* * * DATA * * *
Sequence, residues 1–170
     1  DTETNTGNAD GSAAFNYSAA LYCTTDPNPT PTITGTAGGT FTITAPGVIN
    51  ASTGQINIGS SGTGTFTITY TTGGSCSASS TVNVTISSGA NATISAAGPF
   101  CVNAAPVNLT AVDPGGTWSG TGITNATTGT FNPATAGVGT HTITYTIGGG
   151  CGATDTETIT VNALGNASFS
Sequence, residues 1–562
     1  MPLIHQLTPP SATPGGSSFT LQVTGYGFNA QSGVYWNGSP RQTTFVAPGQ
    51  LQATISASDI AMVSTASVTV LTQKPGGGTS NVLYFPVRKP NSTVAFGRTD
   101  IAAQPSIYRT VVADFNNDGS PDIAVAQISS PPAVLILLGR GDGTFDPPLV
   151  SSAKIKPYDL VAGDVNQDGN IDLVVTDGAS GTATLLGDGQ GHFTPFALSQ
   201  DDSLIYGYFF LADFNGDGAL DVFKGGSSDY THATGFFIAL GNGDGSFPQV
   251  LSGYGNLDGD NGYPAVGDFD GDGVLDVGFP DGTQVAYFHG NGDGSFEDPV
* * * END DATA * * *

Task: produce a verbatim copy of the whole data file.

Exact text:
Sequence, residues 1–170
     1  DTETNTGNAD GSAAFNYSAA LYCTTDPNPT PTITGTAGGT FTITAPGVIN
    51  ASTGQINIGS SGTGTFTITY TTGGSCSASS TVNVTISSGA NATISAAGPF
   101  CVNAAPVNLT AVDPGGTWSG TGITNATTGT FNPATAGVGT HTITYTIGGG
   151  CGATDTETIT VNALGNASFS
Sequence, residues 1–562
     1  MPLIHQLTPP SATPGGSSFT LQVTGYGFNA QSGVYWNGSP RQTTFVAPGQ
    51  LQATISASDI AMVSTASVTV LTQKPGGGTS NVLYFPVRKP NSTVAFGRTD
   101  IAAQPSIYRT VVADFNNDGS PDIAVAQISS PPAVLILLGR GDGTFDPPLV
   151  SSAKIKPYDL VAGDVNQDGN IDLVVTDGAS GTATLLGDGQ GHFTPFALSQ
   201  DDSLIYGYFF LADFNGDGAL DVFKGGSSDY THATGFFIAL GNGDGSFPQV
   251  LSGYGNLDGD NGYPAVGDFD GDGVLDVGFP DGTQVAYFHG NGDGSFEDPV